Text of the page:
For a small country, Slovenia has no problem attracting tourists to this compact corner of Central Europe. But it’s also finding ways to keep things sustainable, using everything from blockchain to green schemes
by Mary Novakovich, Click. Travel Writer
Home to the Julian Alps, one of Europe’s most magical lakes, an appealing capital city and even a slice of the Mediterranean coast, Slovenia hasn’t found it difficult to develop its tourism industry since it became independent from the former Yugoslavia in 1991. Visitor numbers have been increasing every year, with a record 4.7 million tourist arrivals in 2017 – up from 11% the previous year.
But one thing this country of only 2 million people realised early on was the importance of sustainable development and tourism as a force for good. In 2009, it launched the Green Scheme of Slovenian Tourism, in which destinations and service providers can label themselves Slovenia Green if they meet certain sustainability criteria.
“We are working towards innovatively intertwining the sustainable approach to tourism development,” says Maja Pak, Director of the Slovenian Tourist Board. “The Green Scheme of Slovenian Tourism, which encourages sustainable, environmentally friendly tourism, has been perceived well on the global level. Slovenia now needs to build on the image of authentic experiences. This is why we are encouraging destinations and tourist facilities to create green five-star experiences, which will be graded based on their local character, authenticity and inclusion of local green specifics.”
Lake Bled, with its fairytale castle in the centre of the lake surrounded by snow-capped mountains, is one of the country’s most visited sites. Yet to take the pressure off this and other heavily popular attractions, the Slovenian Tourist Board has been actively promoting sites, holidays and cultural heritage in other parts of the country.
One initiative has been to promote api-tourism – not surprising in this nation of 10,000 beekeepers. Not only does it raise awareness of the ecological importance of bees, but it also introduces visitors to food producers and winemakers along these “api-routes”. They can discover landscapes and experiences, such as visits to thermal baths, that might otherwise be overlooked.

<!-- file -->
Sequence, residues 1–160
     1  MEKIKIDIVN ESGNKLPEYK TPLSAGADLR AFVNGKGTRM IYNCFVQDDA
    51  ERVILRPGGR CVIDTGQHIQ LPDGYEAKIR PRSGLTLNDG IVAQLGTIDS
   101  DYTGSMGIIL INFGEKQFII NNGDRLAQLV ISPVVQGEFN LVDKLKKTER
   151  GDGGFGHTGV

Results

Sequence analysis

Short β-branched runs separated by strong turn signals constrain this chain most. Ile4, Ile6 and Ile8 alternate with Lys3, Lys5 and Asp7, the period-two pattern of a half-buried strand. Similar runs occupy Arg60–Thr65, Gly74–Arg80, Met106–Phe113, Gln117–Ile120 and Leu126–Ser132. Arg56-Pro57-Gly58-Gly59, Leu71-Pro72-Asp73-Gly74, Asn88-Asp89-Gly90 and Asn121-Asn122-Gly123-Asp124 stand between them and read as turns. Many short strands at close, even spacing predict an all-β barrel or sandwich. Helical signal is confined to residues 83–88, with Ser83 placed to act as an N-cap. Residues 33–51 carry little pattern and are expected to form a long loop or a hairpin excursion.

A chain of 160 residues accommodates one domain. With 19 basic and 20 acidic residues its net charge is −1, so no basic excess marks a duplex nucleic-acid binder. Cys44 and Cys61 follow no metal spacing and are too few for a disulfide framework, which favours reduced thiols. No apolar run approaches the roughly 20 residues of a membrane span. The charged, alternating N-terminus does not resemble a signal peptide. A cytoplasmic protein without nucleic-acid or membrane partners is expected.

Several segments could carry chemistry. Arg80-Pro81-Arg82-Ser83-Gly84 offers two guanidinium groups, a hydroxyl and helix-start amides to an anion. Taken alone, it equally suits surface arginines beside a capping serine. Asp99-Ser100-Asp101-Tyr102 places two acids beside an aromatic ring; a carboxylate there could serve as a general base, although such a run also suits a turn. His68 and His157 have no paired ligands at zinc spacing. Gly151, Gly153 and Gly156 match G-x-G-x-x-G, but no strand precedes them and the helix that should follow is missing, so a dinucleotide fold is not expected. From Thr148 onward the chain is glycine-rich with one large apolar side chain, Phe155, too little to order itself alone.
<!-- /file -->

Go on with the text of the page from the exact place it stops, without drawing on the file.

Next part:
Reducing the environmental impact of tourism on this landscape – two-thirds of which is covered by forests – is another priority. Cycling and hiking along 10,000km of marked trails are actively encouraged, and a new train link from Trieste to Ljubljana gives an environmentally friendly alternative to driving. Ljubljana itself, designated the European Green Capital in 2016, has a pedestrianised centre, but a free electric taxi buggy is offered for people transporting luggage to hotels.
The country is also stretching the boundaries of what technology can bring to travel and tourism. Blockchain is turning into a vital component of Slovenia’s tourism strategy. Mladen Ljubisic, who until recently was the UK and Ireland Director of the Slovenian Tourist Board, agrees: “I believe that blockchain technology can be used as a driver for good. It provides the infrastructure and an ecosystem to develop and implement more sustainable business models and practices. A perfect example of that is the European Blockchain Hub, whose sole purpose is to use blockchain technology to address the SDG (sustainable development goals) set by the UN by educating, promoting and showcasing great companies and startups that are doing just that.”
Blockchain technology can be used as a driver for good
It’s also used in a new review app, Futourist, which offers its users blockchain rewards. Futourists’s Co-Founder, Ziga Luksa, explains: “We are working on a pilot with the Slovenian Tourist Board which will reward people who leave their feedback, as well as direct tourists to less well-known sights in Slovenia. It’s the first complete travel review ecosystem that brings together content creators (people who share their reviews) and businesses in a mutually beneficial way.”
Users are rewarded for sharing their real-time reviews, which are also translated into readable business intelligence for business owners. Luksa adds: “With our Futourist Business dashboard tool, business owners can monitor their customers’ behaviour. They can communicate with them and create special offers.”
Virtual and augmented realities are also being used in travel. Ljubisic, whose new role is as the Chief Operating Officer of Slovenian-based company 505VR, is focusing on VR/MR/AR solutions in tourism as well as other fields. “Destinations, accommodation providers and activity providers can use the content to engage with their customers and provide a more immersive experience that creates higher emotional response,” he says.
Tiny in size, Slovenia is prepared to think big to maintain its attractiveness to visitors and locals alike.
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Hero image: credit to Peter Bucks, Unsplash
Mary Novakovich is a freelance travel journalist and has worked in the industry for more than 25 yearsMore by Mary Novakovich
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